Here’s an idea for improving customer service.
The goal of American, and other, companies is to keep their stockholders happy. Paying executives large bonuses, automating as many aspects of their work as possible, and outsourcing functions are all attempts to increase the revenue that stockholders receive. Customer service is simply one of these functions. As long as the customers come, it does not matter how poor customer service is. When customers cease to come, then the company will try to improve its customer service.
This is particularly pernicious when few vendors supply a needed service. Consider air travel. Currently, three airlines — American, Delta, and United — dominate the U.S. airline market All treat the customers as revenue generators, not human beings. The width of seats has shrunk to the point where some people cannot fly coach for medical reasons; the pricing structure of tickets is incomprehensible; and the customer bears the brunt of any problems. Witness United’s and Delta’s recent computer breakdowns. The result: customers could rebook without charge (the airlines emphasized the latter). Now, if a customer misses a meeting because the flight is delayed, the airline does not provide any compensation. Rather one-sided — and the customer can rarely move his business to another airline, because all of the airlines operate the same way. The customer produces money. Complaints? Doesn’t affect their shareholders, so they won’t do anything.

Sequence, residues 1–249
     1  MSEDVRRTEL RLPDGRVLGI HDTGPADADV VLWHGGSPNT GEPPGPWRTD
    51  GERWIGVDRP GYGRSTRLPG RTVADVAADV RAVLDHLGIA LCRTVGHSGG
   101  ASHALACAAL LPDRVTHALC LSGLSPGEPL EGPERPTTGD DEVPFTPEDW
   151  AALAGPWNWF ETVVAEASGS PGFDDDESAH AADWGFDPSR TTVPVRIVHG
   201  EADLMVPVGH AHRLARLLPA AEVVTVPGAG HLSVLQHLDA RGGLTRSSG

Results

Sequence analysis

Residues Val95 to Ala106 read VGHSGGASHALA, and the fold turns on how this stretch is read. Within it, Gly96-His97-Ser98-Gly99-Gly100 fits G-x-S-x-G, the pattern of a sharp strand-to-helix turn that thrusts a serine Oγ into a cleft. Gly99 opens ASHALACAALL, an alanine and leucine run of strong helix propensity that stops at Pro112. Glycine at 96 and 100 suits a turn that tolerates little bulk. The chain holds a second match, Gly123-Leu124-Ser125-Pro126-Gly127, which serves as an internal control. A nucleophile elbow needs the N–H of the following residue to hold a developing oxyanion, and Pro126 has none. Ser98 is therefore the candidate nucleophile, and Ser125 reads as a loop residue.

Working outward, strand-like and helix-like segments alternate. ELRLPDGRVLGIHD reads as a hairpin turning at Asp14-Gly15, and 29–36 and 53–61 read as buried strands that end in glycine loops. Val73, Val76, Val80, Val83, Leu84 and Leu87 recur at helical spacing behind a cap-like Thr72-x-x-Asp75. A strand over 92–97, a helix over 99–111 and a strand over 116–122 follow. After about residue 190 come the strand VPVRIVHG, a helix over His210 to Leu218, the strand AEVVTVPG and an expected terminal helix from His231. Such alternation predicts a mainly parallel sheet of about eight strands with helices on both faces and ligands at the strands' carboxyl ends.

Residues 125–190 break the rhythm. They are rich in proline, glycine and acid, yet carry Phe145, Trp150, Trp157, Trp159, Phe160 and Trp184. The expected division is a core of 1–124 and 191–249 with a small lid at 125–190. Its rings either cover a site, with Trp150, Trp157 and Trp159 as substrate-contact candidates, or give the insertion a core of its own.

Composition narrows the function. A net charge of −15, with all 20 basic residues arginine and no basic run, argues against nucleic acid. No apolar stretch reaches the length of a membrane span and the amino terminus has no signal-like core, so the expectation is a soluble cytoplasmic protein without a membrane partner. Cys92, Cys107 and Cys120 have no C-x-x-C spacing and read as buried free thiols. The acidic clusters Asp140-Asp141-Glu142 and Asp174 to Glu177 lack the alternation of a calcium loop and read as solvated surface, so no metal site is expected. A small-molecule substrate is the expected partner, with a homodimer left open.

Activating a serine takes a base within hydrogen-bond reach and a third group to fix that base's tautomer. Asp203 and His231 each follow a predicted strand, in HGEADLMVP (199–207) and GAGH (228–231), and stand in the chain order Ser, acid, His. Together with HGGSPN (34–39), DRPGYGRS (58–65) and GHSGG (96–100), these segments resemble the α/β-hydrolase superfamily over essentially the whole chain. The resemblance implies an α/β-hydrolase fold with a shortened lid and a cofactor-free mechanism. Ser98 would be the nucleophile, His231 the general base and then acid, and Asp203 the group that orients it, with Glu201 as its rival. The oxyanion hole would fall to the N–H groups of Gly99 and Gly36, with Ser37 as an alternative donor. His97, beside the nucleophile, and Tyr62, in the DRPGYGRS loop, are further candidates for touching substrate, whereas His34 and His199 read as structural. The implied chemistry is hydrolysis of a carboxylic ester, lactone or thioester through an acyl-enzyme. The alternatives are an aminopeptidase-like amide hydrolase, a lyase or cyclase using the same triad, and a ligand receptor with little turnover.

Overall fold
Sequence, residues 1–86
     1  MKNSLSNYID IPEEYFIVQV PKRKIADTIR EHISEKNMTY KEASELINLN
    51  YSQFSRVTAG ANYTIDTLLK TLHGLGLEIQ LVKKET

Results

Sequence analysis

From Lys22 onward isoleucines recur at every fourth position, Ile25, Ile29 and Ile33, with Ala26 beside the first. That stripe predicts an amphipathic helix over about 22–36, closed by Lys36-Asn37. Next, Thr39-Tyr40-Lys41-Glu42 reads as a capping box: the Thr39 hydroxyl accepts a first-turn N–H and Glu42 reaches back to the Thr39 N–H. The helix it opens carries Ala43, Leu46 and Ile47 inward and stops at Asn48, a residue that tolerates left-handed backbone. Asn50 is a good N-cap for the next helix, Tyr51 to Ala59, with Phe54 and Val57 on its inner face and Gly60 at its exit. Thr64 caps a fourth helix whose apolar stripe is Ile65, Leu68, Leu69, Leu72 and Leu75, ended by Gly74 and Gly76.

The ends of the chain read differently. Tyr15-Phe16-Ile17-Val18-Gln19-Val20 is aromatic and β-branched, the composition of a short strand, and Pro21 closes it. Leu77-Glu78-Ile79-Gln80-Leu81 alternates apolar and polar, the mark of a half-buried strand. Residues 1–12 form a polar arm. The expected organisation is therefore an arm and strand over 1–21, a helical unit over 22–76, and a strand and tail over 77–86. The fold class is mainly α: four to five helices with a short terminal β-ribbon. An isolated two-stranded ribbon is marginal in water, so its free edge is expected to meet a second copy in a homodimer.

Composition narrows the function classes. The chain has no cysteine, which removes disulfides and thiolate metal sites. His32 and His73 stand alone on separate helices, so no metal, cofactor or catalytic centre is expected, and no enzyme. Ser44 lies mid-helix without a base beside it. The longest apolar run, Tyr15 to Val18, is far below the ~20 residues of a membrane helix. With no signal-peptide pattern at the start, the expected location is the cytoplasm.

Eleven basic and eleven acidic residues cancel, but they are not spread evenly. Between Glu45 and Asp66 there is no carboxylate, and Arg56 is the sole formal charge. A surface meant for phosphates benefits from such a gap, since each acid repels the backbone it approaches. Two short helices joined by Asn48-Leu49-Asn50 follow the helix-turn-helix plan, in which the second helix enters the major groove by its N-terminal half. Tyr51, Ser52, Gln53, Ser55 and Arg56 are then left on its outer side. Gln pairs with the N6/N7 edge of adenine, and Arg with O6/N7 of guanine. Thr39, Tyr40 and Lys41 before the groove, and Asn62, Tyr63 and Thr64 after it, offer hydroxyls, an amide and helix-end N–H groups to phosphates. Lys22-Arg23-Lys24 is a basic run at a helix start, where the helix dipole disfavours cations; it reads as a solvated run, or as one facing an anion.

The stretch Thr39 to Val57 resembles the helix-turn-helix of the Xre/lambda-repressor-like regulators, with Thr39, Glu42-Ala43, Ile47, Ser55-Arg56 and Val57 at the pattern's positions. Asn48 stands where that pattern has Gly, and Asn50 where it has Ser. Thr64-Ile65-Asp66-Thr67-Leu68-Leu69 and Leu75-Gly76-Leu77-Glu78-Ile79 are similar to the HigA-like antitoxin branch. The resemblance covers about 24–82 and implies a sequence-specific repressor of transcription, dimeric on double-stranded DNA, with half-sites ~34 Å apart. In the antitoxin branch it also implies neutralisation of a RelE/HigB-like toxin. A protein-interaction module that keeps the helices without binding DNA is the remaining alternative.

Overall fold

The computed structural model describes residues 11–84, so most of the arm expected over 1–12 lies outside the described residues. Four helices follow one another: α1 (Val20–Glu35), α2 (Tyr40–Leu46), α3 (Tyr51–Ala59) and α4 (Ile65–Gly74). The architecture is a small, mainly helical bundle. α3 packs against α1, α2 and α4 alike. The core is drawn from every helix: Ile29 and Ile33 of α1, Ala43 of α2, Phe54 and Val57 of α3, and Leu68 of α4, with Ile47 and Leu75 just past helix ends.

Improving customer service requires an incentive. The bottom line is keeping stockholders happy, and this usually (but not always) involves profits. If profits fall, the money stockholders make falls, and they will become discontent — and possibly change company management, or dump their stock, causing the price of the stock to drop, thereby hurting the company’s financial position. If profits fall, companies will try to find the cause and correct it. So, tie customer service to stockholder satisfaction. The belief that improving customer service improves revenue, and therefore stockholder satisfaction, simply is not working, especially when the company is a monopoly or near-monopoly. This suggests making the tie more direct.
Here’s the idea: make the customer a shareholder. For example, when I fly on (say) Delta, I receive a share of Delta’s voting stock. If I fly often, I get more stock; indeed, this could be handled like a “frequent flier” (loyalty) program. Now, I have a direct voice in the overall management of the company because I can vote my stock at a shareholder’s meeting. Further, I can band together with others of like mind to make our stock be a larger block and hence increase the strength of our voices.
Now as a shareholder, the company will want to keep me happy; and it can do so not just by revenue, but also by making my flights more comfortable. And to do so it will have to reverse the trend of poor customer service.